Our exposure measure is limited in that phthalates do not bioaccumulate and have short half-lives in the body. Therefore, measurements taken at a single point in time are less reliable indicators of typical exposures than, for example, a series of measurements taken over several weeks. Yet emerging data suggest some consistency of phthalate exposures over time among reproductive-age women. In their study of 46 women 35–49 years of age who provided first-morning urinary voids on 2 consecutive days, Hoppin et al. (2002) found intraclass correlations (ICCs) ranging from 0.53 to 0.80 for creatinine-corrected urinary concentrations of MBP, MEP, MEHP, and MBzP. Over longer time intervals, these correlations may be weaker, as suggested by data from two studies: the Early Pregnancy Study, which reported ICCs for these urinary metabolites ranging from 0.36 to 0.53 for measurements taken over 2-week intervals (Baird et al. 2009); and a study of 28 pregnant women (Adibi et al. 2008), which reported ICCs for the creatinine-corrected urinary phthalate concentrations ranging from 0.21 to 0.65 for measurements taken repeatedly over 6 weeks. Therefore, it is possible that we have underestimated the true associations, where they exist, between phthalate exposures and endometriosis and uterine leiomyomata. Nonetheless, our exposure measures do represent an advance over measures used in previous work in that we have used urinary measures of phthalate metabolites, which are far less vulnerable to contamination than phthalate diester measurements in blood. Moreover, we have evaluated exposures to four phthalates, conferring a degree of specificity to our findings.
Finally, an important limitation of our study is that measures of both outcomes were based solely on self-report of physician diagnosis. Prevalence estimates of these conditions in our study population are similar to studies based on hospital-discharge and prospective cohort data (Eskenazi and Warner 1997; Missmer and Cramer 2003; Schwartz and Marshall 2000; Wise et al. 2005). Two large prospective studies of self-reported leiomyomata that validated the reports against medical records indicated a low proportion of false positives (Marshall et al. 1997; Wise et al. 2004); therefore, specificity of diagnosis is likely to be high. False reports of endometriosis diagnosis may occur more frequently (Missmer et al. 2004b), but the proportion of undiagnosed endometriosis cases is likely to be smaller (Zondervan et al. 2002). For both outcomes, it seems unlikely that misclassification of disease status was influenced by degree of phthalate exposure, and such nondifferential misclassification would have attenuated our findings. Our findings for endometriosis may have been further influenced by phthalate effects that are specific to different types of underlying pathology. Estrogen-related risk factors appear to vary by endometriosis that is concurrent with and independent of infertility (the latter which is often accompanied by pain) (Missmer et al. 2004a, 2004b). However, in the absence of data on infertility and symptomatic pain, the findings reflect an averaged association of the phthalate measures with these two subgroups.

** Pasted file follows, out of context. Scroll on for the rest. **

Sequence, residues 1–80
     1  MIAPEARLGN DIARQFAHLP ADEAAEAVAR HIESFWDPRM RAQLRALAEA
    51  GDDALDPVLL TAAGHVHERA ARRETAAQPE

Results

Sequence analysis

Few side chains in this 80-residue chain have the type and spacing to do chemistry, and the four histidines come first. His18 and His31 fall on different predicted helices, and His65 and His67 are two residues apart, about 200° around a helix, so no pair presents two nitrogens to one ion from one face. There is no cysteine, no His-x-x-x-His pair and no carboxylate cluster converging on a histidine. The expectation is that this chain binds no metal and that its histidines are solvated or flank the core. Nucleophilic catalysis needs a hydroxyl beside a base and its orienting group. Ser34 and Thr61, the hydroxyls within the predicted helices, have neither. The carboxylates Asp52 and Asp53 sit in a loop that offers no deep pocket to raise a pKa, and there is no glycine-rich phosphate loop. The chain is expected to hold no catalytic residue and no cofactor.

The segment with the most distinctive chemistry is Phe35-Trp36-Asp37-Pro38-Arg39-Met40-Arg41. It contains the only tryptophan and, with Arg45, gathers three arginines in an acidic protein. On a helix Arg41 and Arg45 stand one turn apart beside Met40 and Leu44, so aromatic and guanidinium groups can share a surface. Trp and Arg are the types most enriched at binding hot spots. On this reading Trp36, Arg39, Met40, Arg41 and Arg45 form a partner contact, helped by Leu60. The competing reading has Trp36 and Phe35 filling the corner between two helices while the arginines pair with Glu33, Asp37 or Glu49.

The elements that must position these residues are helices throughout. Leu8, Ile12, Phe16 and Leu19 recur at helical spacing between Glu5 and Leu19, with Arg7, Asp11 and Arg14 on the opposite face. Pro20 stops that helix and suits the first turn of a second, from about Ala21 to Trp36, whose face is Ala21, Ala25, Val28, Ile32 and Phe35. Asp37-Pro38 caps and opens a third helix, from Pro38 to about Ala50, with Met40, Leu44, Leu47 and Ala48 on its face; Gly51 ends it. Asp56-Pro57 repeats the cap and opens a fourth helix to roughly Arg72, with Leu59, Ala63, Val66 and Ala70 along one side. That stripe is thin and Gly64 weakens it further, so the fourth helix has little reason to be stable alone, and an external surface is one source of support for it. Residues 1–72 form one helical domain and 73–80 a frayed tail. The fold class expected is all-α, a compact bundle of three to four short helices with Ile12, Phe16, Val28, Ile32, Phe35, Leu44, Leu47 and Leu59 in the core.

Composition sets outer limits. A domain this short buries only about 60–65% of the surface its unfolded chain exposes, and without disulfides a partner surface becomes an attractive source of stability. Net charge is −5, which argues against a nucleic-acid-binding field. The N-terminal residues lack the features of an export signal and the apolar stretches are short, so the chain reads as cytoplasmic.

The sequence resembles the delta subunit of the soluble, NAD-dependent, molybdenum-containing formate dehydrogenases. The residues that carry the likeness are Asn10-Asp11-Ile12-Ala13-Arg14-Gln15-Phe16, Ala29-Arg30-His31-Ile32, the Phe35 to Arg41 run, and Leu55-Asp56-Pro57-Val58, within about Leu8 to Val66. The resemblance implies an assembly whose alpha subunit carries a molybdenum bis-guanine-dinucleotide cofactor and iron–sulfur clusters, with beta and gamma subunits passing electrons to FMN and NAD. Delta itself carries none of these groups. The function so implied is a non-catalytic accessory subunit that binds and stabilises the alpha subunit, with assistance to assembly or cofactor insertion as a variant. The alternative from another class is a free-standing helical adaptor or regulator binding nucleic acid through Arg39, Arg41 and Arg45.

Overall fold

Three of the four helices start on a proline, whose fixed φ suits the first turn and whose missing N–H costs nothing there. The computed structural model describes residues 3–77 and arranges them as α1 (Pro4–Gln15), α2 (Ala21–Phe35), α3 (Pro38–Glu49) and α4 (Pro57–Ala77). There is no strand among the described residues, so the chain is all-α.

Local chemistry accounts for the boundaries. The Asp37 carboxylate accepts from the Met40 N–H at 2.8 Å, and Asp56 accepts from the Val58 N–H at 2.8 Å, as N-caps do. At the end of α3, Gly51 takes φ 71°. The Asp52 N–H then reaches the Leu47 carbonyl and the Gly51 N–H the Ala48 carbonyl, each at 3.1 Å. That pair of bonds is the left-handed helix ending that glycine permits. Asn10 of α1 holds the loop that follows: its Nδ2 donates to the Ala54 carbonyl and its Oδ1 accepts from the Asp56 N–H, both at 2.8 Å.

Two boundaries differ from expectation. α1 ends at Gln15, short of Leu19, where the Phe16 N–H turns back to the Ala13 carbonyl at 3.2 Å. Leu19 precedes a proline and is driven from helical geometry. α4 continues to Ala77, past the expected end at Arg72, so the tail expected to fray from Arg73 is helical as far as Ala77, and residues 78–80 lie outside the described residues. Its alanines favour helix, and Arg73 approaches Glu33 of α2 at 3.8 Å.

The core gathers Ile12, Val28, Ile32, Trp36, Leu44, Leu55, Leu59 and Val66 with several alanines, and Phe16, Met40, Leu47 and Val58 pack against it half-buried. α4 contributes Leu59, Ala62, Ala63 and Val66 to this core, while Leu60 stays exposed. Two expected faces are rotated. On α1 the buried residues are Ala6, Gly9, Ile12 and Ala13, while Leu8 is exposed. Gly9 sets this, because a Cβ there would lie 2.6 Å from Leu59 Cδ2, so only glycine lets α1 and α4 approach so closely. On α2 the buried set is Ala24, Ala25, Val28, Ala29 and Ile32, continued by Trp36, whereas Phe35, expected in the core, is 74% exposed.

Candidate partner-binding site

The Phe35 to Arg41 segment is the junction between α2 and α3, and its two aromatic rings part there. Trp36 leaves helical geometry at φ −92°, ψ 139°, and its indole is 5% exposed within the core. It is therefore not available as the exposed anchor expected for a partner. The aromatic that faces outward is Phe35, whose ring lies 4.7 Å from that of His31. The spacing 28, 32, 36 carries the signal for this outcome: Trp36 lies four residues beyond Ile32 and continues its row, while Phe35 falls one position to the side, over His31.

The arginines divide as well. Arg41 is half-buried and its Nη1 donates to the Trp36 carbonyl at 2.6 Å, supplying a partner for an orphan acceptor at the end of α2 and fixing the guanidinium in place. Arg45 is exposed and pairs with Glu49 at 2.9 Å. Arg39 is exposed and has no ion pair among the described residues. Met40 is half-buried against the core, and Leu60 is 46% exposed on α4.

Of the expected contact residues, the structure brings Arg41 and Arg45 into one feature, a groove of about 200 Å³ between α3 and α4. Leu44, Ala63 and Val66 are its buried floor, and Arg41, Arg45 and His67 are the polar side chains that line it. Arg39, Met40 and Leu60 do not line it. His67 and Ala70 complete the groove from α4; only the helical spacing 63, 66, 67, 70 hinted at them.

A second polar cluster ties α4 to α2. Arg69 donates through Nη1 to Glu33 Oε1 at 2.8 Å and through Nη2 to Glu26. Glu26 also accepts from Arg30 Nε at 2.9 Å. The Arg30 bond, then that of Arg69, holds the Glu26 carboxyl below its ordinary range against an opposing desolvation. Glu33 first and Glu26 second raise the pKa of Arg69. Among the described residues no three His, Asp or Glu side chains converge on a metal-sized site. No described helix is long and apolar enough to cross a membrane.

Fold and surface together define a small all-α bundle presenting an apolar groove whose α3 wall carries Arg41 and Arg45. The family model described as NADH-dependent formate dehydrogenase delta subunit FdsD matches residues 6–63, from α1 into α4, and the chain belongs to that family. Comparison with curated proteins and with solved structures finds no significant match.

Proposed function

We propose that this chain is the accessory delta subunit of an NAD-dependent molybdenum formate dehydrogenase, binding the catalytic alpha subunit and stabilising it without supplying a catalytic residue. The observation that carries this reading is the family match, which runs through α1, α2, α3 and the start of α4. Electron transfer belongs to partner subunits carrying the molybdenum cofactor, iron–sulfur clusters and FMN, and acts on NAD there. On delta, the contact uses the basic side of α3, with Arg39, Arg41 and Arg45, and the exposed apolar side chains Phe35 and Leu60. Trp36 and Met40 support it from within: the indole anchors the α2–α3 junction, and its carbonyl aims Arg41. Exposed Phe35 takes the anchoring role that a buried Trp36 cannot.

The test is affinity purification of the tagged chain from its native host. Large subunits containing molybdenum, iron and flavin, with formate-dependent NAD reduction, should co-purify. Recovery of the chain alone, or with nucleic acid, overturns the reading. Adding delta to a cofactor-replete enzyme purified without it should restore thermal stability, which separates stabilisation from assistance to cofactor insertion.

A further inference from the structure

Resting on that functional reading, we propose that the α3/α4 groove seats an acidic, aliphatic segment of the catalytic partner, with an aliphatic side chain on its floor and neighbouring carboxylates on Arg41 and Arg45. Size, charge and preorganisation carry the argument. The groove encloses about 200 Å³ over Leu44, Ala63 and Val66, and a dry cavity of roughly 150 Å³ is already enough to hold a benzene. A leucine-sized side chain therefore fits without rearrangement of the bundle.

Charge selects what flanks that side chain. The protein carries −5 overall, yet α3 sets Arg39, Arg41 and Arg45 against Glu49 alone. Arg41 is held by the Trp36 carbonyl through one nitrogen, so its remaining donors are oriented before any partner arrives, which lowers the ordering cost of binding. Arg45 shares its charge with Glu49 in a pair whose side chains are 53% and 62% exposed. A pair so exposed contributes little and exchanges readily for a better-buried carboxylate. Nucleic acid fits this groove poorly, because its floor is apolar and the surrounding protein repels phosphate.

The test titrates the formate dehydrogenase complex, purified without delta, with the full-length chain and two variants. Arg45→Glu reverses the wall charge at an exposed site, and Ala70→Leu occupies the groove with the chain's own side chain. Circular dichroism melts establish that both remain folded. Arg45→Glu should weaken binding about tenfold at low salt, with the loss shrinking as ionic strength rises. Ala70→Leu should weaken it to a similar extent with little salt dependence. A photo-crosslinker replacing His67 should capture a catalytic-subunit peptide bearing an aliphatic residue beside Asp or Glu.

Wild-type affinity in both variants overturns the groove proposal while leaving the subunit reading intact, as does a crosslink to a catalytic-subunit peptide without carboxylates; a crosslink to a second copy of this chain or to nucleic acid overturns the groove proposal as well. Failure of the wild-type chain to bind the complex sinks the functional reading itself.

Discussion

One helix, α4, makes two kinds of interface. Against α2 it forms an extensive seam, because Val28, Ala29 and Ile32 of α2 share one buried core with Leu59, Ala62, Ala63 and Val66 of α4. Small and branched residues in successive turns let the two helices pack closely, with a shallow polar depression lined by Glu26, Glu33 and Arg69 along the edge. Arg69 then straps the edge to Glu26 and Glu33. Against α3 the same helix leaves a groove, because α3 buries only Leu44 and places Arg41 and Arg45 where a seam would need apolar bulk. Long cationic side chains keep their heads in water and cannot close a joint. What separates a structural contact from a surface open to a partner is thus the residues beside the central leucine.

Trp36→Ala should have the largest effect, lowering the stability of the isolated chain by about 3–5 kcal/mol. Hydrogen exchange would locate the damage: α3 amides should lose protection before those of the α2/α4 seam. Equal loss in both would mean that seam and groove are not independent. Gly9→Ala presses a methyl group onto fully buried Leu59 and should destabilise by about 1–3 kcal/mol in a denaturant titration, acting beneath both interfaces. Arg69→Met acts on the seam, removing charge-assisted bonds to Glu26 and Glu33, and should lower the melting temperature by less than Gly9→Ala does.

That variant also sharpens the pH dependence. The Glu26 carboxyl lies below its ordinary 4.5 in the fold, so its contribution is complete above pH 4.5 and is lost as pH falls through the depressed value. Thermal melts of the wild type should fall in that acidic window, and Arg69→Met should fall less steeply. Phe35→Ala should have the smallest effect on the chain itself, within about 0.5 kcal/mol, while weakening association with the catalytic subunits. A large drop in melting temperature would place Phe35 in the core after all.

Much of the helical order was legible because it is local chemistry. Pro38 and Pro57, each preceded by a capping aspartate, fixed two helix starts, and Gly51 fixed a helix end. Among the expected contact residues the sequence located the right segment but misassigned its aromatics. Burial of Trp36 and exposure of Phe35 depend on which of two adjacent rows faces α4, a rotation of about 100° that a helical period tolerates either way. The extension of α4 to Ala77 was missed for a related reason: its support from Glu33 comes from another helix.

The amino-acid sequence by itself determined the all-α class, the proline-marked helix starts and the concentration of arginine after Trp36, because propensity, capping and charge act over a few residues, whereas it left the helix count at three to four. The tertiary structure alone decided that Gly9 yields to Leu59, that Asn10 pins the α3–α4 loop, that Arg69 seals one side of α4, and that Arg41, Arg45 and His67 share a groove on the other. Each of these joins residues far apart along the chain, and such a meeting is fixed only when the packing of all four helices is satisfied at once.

In addition to our study’s strengths in its exposure measurements, our study also benefited from its large sample size, its consideration of several important potential confounders, and its representativeness of the general population of reproductive-age women living in the United States. In conclusion, we have identified preliminary evidence suggesting that exposure to DBP may be associated with increased risk of endometriosis and uterine leiomyomata, and that exposure to DEHP may be associated with reduced risk of these conditions. These findings warrant investigation in future prospective studies.
We thank the many contributors to the National Health and Nutrition Examination Survey (NHANES) data we have examined, particularly the staff at the National Center for Health Statistics of the Centers for Disease Control and Prevention (CDC) for administering the survey, and M. Silva, E. Samandar, J. Preau, J. Reidy, and others at the Division of Laboratory Sciences, National Center for Environmental Health, CDC, for the measurements of the phthalate metabolites. We also thank L.W. Jackson at Case Western Reserve University for her guidance in defining nulliparity in the NHANES data.
The findings and conclusions in this report are those of the authors and do not necessarily represent the views of the CDC.